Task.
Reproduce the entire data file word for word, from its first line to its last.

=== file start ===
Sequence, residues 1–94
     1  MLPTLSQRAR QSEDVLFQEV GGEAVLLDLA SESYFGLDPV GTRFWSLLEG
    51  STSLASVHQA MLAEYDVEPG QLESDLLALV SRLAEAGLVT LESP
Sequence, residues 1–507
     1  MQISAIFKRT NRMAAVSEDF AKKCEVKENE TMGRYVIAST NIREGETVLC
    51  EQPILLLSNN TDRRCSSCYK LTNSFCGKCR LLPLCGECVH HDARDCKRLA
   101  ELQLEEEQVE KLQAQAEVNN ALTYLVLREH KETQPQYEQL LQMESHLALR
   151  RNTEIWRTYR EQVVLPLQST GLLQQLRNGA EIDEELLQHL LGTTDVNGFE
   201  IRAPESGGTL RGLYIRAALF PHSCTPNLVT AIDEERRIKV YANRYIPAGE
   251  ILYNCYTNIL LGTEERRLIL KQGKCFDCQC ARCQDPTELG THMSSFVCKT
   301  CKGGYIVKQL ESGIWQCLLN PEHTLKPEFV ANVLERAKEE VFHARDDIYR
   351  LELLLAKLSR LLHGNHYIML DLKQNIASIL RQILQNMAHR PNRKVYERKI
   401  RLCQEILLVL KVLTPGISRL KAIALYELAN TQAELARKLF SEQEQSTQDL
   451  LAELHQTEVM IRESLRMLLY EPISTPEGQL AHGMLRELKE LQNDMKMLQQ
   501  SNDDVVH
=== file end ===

Sequence, residues 1–94
     1  MLPTLSQRAR QSEDVLFQEV GGEAVLLDLA SESYFGLDPV GTRFWSLLEG
    51  STSLASVHQA MLAEYDVEPG QLESDLLALV SRLAEAGLVT LESP
Sequence, residues 1–507
     1  MQISAIFKRT NRMAAVSEDF AKKCEVKENE TMGRYVIAST NIREGETVLC
    51  EQPILLLSNN TDRRCSSCYK LTNSFCGKCR LLPLCGECVH HDARDCKRLA
   101  ELQLEEEQVE KLQAQAEVNN ALTYLVLREH KETQPQYEQL LQMESHLALR
   151  RNTEIWRTYR EQVVLPLQST GLLQQLRNGA EIDEELLQHL LGTTDVNGFE
   201  IRAPESGGTL RGLYIRAALF PHSCTPNLVT AIDEERRIKV YANRYIPAGE
   251  ILYNCYTNIL LGTEERRLIL KQGKCFDCQC ARCQDPTELG THMSSFVCKT
   301  CKGGYIVKQL ESGIWQCLLN PEHTLKPEFV ANVLERAKEE VFHARDDIYR
   351  LELLLAKLSR LLHGNHYIML DLKQNIASIL RQILQNMAHR PNRKVYERKI
   401  RLCQEILLVL KVLTPGISRL KAIALYELAN TQAELARKLF SEQEQSTQDL
   451  LAELHQTEVM IRESLRMLLY EPISTPEGQL AHGMLRELKE LQNDMKMLQQ
   501  SNDDVVH